Microsoft Launches Global Effort to Fight Software Piracy

Microsoft is launching a global effort to fight software piracy. As part of the effort, the company has filed 20 lawsuits against software resellers in the U.S. for selling pirated copies of Microsoft Windows XP and various versions of Office.

Microsoft is partnering with customers and governments around the globe to combat counterfeit software.

Dubbed Global Anti-Piracy Day, the effort includes a series of education and enforcement actions in 49 countries.

As part of the strategy, Microsoft has filed 20 lawsuits against software resellers in the United States that it accuses of pushing pirated copies of Office 2007 Enterprise, Microsoft Windows XP Pro, Office 2003 Pro and Office 2007 Pro.

The lawsuits are part of a counterpunch by Microsoft against an illegal industry estimated by the Business Software Alliance of costing the U.S. economy $8 billion in 2007 alone. Globally, that number is nearly $50 billion.

"One of the reasons we believe this announcement is important is it consolidates a lot of our activities in connection with our partnerships with governments, our customers and partners," said Bonnie MacNaughton, Microsoft senior attorney.

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The initiative is extremely broad, so much so that Microsoft has created an interactive map users can scroll over to find out what Microsoft has planned for particular countries. In Brazil, for example, Microsoft is partnering with the American Chamber of Commerce to launch a blog that will raise awareness among educators about the importance of teaching young people about the threat piracy poses. In Italy, the company began an employee anti-piracy ambassador program to educate families and friends through informal social networks.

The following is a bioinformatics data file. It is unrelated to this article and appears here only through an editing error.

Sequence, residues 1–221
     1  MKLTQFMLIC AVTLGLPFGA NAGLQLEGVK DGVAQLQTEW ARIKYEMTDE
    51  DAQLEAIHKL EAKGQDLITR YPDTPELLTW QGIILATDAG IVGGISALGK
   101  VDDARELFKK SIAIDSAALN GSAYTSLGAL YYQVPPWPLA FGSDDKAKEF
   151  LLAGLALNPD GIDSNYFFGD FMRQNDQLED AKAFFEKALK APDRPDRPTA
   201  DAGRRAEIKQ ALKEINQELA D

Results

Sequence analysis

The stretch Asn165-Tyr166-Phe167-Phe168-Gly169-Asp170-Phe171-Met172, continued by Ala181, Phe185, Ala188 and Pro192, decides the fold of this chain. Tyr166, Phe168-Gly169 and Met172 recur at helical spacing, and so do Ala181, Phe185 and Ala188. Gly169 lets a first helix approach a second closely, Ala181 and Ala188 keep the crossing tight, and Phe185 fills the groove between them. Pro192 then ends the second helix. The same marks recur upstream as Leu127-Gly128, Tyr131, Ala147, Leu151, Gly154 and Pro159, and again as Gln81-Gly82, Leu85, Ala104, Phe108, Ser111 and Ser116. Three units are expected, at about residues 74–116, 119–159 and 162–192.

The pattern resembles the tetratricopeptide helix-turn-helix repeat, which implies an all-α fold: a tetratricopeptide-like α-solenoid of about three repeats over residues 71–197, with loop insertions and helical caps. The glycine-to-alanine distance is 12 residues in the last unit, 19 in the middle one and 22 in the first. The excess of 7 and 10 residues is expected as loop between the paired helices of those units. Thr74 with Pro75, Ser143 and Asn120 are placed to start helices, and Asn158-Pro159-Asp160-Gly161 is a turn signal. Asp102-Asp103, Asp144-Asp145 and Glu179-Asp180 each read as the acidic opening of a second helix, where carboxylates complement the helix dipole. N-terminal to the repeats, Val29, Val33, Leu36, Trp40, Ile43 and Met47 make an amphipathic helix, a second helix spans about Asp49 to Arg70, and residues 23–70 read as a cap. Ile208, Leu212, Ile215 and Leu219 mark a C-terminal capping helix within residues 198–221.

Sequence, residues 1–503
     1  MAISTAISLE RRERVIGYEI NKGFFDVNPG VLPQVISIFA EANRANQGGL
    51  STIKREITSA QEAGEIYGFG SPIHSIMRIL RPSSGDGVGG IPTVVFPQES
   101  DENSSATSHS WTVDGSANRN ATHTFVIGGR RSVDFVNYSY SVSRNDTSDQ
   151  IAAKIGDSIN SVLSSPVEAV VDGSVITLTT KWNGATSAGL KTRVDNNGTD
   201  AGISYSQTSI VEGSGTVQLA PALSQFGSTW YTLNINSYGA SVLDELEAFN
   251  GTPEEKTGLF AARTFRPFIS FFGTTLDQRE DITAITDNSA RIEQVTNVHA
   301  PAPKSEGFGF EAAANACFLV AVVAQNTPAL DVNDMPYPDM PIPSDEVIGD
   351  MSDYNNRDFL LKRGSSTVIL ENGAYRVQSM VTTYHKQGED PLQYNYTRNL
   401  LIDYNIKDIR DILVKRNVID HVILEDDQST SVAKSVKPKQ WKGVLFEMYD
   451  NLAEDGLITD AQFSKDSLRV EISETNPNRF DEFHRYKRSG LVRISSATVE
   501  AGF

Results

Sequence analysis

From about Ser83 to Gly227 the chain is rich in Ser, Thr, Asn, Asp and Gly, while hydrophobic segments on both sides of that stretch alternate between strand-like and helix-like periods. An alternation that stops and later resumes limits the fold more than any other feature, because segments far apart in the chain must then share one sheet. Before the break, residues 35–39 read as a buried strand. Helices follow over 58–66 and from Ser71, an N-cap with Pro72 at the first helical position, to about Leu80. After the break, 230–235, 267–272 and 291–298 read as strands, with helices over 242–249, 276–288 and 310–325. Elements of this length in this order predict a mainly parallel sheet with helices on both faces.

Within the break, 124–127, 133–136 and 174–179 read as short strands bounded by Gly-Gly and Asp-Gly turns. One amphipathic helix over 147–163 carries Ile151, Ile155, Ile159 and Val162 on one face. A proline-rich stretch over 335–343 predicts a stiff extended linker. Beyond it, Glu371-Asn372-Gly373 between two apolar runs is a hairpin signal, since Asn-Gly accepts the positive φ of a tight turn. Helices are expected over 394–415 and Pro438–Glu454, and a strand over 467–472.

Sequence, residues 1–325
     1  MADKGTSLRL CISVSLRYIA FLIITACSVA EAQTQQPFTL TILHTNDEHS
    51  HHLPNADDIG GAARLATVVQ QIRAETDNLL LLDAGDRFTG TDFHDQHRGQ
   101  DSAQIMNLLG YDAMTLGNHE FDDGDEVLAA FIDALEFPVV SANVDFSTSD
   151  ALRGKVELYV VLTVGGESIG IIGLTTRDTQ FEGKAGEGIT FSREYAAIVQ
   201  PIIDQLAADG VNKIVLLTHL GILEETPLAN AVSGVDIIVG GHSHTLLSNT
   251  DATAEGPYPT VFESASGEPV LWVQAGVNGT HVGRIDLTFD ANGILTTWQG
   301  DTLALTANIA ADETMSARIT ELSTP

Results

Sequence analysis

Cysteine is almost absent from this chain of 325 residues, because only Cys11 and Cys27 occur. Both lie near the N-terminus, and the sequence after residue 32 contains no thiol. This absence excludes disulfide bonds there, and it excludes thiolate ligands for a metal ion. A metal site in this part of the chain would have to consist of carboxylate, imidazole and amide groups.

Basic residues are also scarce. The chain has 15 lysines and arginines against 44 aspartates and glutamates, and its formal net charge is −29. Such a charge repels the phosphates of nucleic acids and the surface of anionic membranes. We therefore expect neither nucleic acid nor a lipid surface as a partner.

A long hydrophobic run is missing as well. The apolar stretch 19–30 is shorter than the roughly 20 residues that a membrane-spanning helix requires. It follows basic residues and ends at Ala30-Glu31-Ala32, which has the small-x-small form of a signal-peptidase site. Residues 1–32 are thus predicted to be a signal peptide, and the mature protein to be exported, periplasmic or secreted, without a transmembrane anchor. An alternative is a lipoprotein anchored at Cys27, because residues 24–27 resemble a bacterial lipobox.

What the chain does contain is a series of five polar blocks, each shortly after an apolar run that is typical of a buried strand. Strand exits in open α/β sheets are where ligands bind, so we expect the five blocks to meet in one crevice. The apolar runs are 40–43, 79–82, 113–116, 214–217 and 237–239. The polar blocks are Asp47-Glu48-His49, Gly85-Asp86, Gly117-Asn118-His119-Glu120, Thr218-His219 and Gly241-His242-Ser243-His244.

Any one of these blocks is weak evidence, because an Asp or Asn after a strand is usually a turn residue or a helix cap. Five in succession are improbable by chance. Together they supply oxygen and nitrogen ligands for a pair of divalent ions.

Microsoft also commended the Chinese government for its recent sentencing of two illegal operators found guilty of manipulating the Microsoft Open License program and selling unlicensed software to unsuspecting customers.

"There is growing evidence that highly organized, transnational criminal organizations and networks are involved in the counterfeiting of software and other goods," said John Newton of the Intellectual Property Rights Project, Financial and High-Tech Crime Subdirectorate, INTERPOL General Secretariat, in a statement. "This is a global problem with global sources of supply; this is why we need to work together-the public and the private sectors-to stop this trade.

"To that end, Microsoft and INTERPOL are now cooperating with police and customs agencies around the world to use all available intelligence to ensure that our joint investigations lead to arrests and convictions of criminal counterfeiters," he said.